The Assad family is no stranger to the use of chemical weapons. Syrian president Bashar al-Assad’s father, Hafez, used the prohibited weapon against his own population in 1982 in the city of Hama, where he massacred 20,000 Sunni Syrians. His son Bashar is reported to have used chemical weapons at least six times since the beginning of this year.
Most recently, in Idlib province where government forces have been accused to have used chlorine gas where 20 people lost their lives. Amnesty International stated “once again, Syria’s government has shown its utter contempt for international law by deploying illegal chemical weapons.”
The Assad regime’s chemical weapons stockpile was supposed to have been removed and destroyed in 2013 under a deal made by the United States and Russia. President Barack Obama’s infamous “red line” against the Syrian regime which he later backtracked allowed Assad to further strengthen his power, undermining US credibility. The current Trump administration did not hesitate to draw its own red line and enforce it. Early 2017, the U.S. fired 59 tomahawk cruise missiles at Syria aimed at a military base.
But the question remains, if Assad has survived the extensive civil war, why the need for the usage of chemical weapons? With the backing of Russia, Iran, and the numerous proxy militia groups, Assad defied all odds. Despite the gains Assad has enjoyed, the reality is that the civil war is far from over, with new threats emerging- Assad’s position may not be as secure. Assad hardly has control over Syria, Iran has heavily invested to bolster his allies position. Iran’s spending is estimated between $6 and $35 billion a year. While Russia’s ultimate goal is to preserve its strategic position in the Middle East by spending $2.4 million a day in Syria. The deep commitment to Syria by Assad’s friends comes at a cost that Assad is unable to compensate.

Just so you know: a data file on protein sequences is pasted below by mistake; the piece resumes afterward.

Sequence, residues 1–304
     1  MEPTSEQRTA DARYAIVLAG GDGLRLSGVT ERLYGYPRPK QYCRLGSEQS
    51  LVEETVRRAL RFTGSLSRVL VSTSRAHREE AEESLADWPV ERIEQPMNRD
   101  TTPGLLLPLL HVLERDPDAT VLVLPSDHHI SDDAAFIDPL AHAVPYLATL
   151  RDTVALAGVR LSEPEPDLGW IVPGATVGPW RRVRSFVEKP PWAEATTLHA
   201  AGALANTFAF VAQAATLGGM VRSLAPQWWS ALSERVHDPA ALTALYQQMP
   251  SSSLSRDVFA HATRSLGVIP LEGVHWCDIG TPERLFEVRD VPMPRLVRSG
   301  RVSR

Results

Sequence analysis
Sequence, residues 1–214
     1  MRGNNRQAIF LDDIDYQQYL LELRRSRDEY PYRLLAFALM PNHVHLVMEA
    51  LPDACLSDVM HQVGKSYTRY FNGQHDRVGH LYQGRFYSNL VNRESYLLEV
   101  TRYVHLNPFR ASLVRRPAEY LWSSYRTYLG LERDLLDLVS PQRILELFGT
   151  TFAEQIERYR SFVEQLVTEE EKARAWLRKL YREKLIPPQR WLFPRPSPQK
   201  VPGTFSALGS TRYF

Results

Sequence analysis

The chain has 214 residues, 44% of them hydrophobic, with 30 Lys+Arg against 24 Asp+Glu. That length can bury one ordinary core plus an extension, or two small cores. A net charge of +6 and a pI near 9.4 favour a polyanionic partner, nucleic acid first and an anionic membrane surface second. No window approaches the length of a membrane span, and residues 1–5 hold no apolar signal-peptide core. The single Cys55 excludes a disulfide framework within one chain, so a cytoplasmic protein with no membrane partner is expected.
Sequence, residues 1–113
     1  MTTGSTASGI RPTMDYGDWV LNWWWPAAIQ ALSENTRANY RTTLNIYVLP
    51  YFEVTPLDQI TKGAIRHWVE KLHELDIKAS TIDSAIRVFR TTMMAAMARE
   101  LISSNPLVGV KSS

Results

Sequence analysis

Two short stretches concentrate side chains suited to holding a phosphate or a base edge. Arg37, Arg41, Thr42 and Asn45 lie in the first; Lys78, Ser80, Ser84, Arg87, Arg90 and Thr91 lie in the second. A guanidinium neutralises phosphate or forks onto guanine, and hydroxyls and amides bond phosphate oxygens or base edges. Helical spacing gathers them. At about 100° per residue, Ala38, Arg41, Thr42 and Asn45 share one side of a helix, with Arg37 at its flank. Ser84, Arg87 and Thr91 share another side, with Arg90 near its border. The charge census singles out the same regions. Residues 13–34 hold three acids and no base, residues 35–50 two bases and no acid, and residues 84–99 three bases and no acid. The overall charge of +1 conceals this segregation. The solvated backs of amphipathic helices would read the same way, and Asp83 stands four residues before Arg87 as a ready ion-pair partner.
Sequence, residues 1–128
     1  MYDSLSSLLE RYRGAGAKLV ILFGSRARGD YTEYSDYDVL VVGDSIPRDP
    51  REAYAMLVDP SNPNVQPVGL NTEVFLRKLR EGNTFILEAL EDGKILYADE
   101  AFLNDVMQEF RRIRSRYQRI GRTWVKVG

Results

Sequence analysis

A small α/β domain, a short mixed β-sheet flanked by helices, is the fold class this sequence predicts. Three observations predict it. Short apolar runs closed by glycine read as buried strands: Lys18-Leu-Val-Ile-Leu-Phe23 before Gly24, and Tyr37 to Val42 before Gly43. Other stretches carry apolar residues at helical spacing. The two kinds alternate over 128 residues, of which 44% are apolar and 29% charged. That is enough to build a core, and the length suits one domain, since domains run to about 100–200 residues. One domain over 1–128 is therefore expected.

Iran’s commitment to Syria is aimed at its long-term goal of inching closer to Israel’s northern border, not saving Assad. Through its so far successful land bridge stemming from the Kurdistan region of Iraq and crossing through Syria and Lebanon, Iran is after its own objective. The recent attack from Iran using Syrian territory is proof, this led to the downing of an Israeli fighter jet. Assad may have too many committed “supporters”, who are not there to save his regime but to use Syrian territory to launch new offensives.
Turkey, a former staunch ally of the Assad regime has used the weakened neighboring state to ethnically cleanse the Kurds in Afrin while threatening US soldiers in alliance with the Syrian Democratic Forces. Turkey’s ultimate goal is to reach the Iraqi border going beyond Afrin, further prolonging the civil war.
Assad’s use of chemical weapons may be a signal to the international community that he is willing to do anything within his limited capacity to regain full control of Syria. But this puts the responsibility on both Russia and Iran too, as they are parallel with the regime.
Originally Published at The National Discourse on February 15, 2018.